Yanks vs. Mets, the 50th anniversaryby Frank Jackson
June 08, 2012
In the beginning of his account of a 1962 spring training game involving the Yankees and the Mets, New York Times writer Louis Effrat, speculated, “Sometime in the distant future there may be an all-New York series between the Mets and the Yankees.” Well, time is a relative concept, and whether 38 years is “distant” or not is debatable. In the future, there may well be more such subway series and, if not, at least there is still the annual prospect of interleague play. But Effrat was privileged to be assigned to cover this particular match-up on March 22, 1962, for it was the first contest ever between the Yankees and the Mets.
For the former, it was a game of little consequence. Not so for the latter.
Of course, the first game ever—even an exhibition game—between the two major league teams of the nation’s largest city could hardly pass unnoticed. And there were plenty of undercurrents beneath the game itself. Lonnie Burt of the St. Petersburg Times touched on some of them when he wrote, “Teacher vs. pupil. New Yorkers against New Yorkers. Castoffs, fading veterans and raw rookies facing world champions.”
Technically, the two teams were both major league, but figuratively, they weren’t in the same league. The Yankees had a long, legendary record of success and were coming off one of their best seasons. They had polished off the Cincinnati Reds, none of whom had previous postseason experience, in five games during the 1961 World Series, but the regular season was where they really stood out.
This, after all, was the year of the Mickey Mantle-Roger Maris Maris duel for the home run record. Seven Yankees were in double figures in home runs en route to a team total of 240. The team had won 109 games, only one less than the fabled 1927 Yankees. One can readily imagine Ford Frick standing by with an asterisk at the ready, just waiting for the Yanks to tie or surpass that total. For what it was worth, the Yanks continued their onslaught in spring training, bringing a 10-1 record into their contest with the Mets, having just beaten the Phillies in Clearwater.
The Mets, on the other hand, were a blank slate, a brand new team. They had no track record, other than the games they had played to that point in spring training. Management had taken care to populate the roster with a host of familiar names (Richie Ashburn, Don Zimmer, Charley Neal, Gil Hodges, Frank Thomas), but the team was not expected to hit the ground running.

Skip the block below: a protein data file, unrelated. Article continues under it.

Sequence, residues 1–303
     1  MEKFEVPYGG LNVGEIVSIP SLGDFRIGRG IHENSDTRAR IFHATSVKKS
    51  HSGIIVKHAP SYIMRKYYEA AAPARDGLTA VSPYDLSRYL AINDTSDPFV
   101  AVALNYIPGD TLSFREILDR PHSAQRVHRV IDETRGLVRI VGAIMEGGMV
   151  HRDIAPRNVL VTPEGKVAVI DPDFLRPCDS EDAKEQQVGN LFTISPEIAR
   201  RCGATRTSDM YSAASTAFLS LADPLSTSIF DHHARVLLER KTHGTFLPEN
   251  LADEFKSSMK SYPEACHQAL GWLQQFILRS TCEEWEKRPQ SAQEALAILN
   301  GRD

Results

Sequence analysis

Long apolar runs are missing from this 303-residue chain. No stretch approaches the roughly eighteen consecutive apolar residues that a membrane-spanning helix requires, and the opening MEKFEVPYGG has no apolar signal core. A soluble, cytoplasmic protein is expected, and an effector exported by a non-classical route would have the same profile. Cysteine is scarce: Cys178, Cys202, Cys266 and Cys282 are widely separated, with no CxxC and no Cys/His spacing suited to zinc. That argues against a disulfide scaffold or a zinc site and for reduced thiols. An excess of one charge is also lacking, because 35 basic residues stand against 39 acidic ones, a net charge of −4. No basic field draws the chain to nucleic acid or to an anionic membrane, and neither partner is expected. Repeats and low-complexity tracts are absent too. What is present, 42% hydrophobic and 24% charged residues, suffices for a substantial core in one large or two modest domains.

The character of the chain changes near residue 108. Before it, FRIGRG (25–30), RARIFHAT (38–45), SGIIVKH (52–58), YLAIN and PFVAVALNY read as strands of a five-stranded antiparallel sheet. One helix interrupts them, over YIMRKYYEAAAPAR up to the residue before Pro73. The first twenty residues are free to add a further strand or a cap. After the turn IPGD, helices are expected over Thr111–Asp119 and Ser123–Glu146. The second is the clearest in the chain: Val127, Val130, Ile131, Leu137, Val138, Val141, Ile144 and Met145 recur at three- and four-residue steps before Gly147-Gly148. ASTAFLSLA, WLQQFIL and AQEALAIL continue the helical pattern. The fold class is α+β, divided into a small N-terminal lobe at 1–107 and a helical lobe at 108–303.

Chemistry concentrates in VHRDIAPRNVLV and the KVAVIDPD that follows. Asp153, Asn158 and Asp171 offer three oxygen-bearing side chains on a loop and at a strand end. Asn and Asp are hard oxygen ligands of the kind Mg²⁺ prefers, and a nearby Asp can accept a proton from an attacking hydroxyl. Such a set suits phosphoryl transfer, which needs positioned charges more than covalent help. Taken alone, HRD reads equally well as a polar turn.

There was no question that the Mets were a bad team; the only mystery was how bad would they be? And how long would it be before they would be good? Spring training offered few clues, as the Mets held a 5-7 record on the eve of their contest with the Yankees. The day before, however, they had defeated future Hall of Famer Jim Bunning and the Tigers in Lakeland behind the shutout pitching of Ray Daviault, Herb Moford and Charles Moorhead.
What the teams had in common was the dominant figure of Casey Stengel. Perhaps the longest shadow hanging over the Mets-Yankees match-up was the matter of Casey and his dismissal as Yankee skipper five days after the 1960 World Series ended. After a successful (10 pennants in 12 years) career as the Yankee skipper, his “retirement” was announced at a press conference at the Hilton Savoy in New York on Oct. 18, 1960. Yankees co-owner Dan Topping asked, “You are retiring of your own volition, aren’t you, Mr. Stengel?” Casey, never known as the shy, retiring type, replied:
Boys, I’m not retiring; I’ve just been fired.... I commenced winning pennants when I came here, but I didn’t commence getting any younger. They told me my services were no longer desired, because they wanted to put in a youth program as an advance way of keeping the club going. I’ll never make the mistake of being 70 years old again.